Bulletin Date: November 1999
CDMP undertook a multi-hazard assessment project in the Kingston Metropolitan Area (KMA) in Jamaica from 1996-1998. The objective of this assessment was to compile accurate information on natural hazards affecting Kingston, for use in developing strategies to mitigate the effects of those hazards. In this assessment, susceptibility to seismic, landslide, and coastal storm surge and wind hazards were documented through a map series and accompanying reports. The Natural Resources Conservation Authority (NRCA), Office of Disaster Preparedness and Emergency Management (ODPEM), the Mines and Geology Division and the Land Information Council served as the lead government agencies for this activity. The Geography/Geology Department and the Earthquake Unit of the University of the West Indies played significant roles in this hazard assessment.
CDMP contracted the Earthquake Unit at the University of the West Indies (UWI), Mona campus, to produce a seismic hazard assessment for the Kingston Metropolitan Area. This project comprises two phases, a data collection phase and a modeling phase. Phase I of the seismic hazard assessment was completed in the fall of 1997; Phase II was complete in fall 1999.
Products of the first phase include an updated earthquake catalog, a preliminary seismic attenuation model and a geologic map series, composed of a digital terrain model and maps of surface geology, depth to bedrock and groundwater. A bibliography of literature related to attenuation models, seismo-tectonic models, stress maps and computer models for calculation of ground motion was produced during phase I of the project. During phase II, data gaps which were identified were filled and a final probabilistic ground motion model for Kingston was developed.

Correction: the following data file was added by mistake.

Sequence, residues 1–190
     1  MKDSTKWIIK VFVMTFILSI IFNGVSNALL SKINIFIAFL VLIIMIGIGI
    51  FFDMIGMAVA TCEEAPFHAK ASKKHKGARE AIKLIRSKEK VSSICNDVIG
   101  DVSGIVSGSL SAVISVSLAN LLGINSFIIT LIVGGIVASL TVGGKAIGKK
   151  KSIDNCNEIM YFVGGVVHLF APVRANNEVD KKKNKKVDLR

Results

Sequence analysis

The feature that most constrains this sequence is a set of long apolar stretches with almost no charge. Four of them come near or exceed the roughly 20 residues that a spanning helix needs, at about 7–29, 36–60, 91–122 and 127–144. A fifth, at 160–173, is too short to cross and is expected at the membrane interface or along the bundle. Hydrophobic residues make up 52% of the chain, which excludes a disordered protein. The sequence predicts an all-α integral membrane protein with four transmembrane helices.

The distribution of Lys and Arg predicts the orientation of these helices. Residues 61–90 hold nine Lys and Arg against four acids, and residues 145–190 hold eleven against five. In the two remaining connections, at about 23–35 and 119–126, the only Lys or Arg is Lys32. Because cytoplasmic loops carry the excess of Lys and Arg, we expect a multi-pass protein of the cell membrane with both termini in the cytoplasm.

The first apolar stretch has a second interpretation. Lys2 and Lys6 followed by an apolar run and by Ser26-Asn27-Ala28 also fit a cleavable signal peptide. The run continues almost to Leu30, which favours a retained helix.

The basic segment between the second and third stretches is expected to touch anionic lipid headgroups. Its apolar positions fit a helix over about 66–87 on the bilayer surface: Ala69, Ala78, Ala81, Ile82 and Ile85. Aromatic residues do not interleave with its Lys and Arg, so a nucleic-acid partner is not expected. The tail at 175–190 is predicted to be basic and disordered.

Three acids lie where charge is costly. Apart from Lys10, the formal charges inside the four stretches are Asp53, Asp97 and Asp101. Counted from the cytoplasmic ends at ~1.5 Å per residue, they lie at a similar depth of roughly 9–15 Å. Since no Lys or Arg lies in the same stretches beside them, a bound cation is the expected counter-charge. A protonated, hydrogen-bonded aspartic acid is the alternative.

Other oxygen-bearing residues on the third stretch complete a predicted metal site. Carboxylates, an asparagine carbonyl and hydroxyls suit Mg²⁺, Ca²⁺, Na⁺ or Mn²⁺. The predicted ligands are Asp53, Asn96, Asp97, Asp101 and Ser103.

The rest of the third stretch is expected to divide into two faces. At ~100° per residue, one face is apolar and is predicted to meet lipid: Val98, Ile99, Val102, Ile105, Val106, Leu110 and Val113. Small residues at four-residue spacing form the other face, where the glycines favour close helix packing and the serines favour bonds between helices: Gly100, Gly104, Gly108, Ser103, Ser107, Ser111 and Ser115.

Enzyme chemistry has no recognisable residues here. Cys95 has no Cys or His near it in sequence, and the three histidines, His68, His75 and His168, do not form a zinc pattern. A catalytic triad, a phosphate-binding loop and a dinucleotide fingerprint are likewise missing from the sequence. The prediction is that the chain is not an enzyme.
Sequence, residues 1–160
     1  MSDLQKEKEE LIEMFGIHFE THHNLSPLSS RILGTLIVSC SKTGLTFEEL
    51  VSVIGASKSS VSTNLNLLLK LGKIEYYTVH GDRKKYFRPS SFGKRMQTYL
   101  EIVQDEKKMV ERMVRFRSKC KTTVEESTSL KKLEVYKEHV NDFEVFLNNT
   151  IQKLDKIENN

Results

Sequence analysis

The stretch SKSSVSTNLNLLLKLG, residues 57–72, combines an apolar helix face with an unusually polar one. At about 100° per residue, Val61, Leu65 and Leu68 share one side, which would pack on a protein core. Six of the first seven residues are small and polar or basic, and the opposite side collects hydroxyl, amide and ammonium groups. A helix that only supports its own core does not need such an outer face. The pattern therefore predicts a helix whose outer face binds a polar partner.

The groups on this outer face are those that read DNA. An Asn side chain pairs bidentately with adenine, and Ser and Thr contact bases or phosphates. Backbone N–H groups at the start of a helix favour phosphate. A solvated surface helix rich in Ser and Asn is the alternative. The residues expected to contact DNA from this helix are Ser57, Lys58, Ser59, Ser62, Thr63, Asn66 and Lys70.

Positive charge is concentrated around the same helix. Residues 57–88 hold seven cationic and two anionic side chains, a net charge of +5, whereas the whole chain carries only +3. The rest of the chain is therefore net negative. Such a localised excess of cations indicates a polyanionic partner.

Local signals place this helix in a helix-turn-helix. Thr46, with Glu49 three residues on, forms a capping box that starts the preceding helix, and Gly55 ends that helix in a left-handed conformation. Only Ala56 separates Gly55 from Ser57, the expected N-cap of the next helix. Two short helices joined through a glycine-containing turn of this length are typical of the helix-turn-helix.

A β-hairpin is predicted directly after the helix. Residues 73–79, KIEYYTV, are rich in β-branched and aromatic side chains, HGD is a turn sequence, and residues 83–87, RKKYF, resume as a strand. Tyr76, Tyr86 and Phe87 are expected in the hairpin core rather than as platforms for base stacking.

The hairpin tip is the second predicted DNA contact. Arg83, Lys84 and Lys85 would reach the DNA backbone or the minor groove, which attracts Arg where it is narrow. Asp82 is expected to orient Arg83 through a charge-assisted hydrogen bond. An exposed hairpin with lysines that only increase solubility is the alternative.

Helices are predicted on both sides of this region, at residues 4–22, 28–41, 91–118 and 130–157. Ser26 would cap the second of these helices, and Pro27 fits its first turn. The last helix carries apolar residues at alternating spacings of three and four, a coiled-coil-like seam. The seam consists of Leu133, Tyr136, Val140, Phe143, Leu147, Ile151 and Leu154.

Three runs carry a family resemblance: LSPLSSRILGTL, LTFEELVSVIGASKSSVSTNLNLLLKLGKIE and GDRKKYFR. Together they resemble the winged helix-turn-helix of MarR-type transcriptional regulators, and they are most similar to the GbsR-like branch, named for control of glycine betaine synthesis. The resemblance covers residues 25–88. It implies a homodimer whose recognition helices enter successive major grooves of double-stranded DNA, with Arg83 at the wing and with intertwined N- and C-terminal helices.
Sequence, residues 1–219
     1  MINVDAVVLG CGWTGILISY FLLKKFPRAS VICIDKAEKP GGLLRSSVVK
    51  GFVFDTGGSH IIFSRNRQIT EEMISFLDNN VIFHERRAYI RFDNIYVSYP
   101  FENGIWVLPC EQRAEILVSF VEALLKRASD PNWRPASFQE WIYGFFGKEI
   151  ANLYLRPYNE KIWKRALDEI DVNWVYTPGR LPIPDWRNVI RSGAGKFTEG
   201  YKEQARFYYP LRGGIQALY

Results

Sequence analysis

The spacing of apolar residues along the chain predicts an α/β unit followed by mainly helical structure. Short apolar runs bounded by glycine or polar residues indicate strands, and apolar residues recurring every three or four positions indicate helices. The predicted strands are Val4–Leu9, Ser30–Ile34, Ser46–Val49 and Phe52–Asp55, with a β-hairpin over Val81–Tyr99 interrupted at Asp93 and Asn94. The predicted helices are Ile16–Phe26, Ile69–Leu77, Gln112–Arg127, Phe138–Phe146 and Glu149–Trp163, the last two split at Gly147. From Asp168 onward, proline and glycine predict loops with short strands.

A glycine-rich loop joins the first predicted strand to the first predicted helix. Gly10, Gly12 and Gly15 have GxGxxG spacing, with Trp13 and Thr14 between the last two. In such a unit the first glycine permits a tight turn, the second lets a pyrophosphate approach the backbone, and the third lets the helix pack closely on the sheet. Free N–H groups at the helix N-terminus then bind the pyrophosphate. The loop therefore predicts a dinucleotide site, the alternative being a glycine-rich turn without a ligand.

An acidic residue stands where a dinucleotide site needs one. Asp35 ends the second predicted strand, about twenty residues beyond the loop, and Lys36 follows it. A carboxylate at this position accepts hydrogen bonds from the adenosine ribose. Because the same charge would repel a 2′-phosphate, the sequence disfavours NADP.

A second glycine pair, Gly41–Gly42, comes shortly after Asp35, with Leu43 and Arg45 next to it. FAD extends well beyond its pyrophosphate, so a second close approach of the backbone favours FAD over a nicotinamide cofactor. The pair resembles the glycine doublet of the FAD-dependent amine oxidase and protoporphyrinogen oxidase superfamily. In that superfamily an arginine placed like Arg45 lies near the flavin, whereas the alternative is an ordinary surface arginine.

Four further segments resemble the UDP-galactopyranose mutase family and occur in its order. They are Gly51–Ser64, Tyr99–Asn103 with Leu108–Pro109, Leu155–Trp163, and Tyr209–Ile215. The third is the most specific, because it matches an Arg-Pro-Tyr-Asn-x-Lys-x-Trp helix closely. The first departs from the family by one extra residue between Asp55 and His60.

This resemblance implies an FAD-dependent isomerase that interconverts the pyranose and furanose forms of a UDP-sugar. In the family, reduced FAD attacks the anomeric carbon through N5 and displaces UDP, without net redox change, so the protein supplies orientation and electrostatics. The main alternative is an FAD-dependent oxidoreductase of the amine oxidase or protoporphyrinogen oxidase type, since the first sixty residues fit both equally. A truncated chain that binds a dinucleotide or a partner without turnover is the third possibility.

During the week of 8 June 1998, a team composed of researchers from the US National Ocean Survey, the Earthquake Unit of the University of the West Indies Mona Campus, the Jamaica Mining and Geology Division and the CDMP undertook a Gravity/GPS survey of the Kingston Metropolitan Area. The purpose of this survey was to clarify the depth to bedrock underlying Kingston, for use in modeling seismic hazards in the Kingston metropolitan area.
The Final Report of the Kingston Metropolitan Area Seismic Hazard Assessment was completed in the fall of 1999 and provided to the Government of Jamaica, through the ODPEM. A map of modified strong ground motion for the Kingston metropolitan area was produced under this study.
CDMP has contracted the Unit for Disaster Studies, housed in the Geology Department of the University of the West Indies, Mona Campus, to compile a map of landslide susceptibility in the Kingston Metropolitan Area. As a basis for the landslide susceptibility map, maps of geology, slope categories, hydrology and a historical landslide inventory were developed. These factors were combined and analyzed using a geographic information system (GIS) to produce the final landslide susceptibility maps. The modeling results and maps were presented at a technical workshop at the Unit for Disaster Studies on 14 February 1998.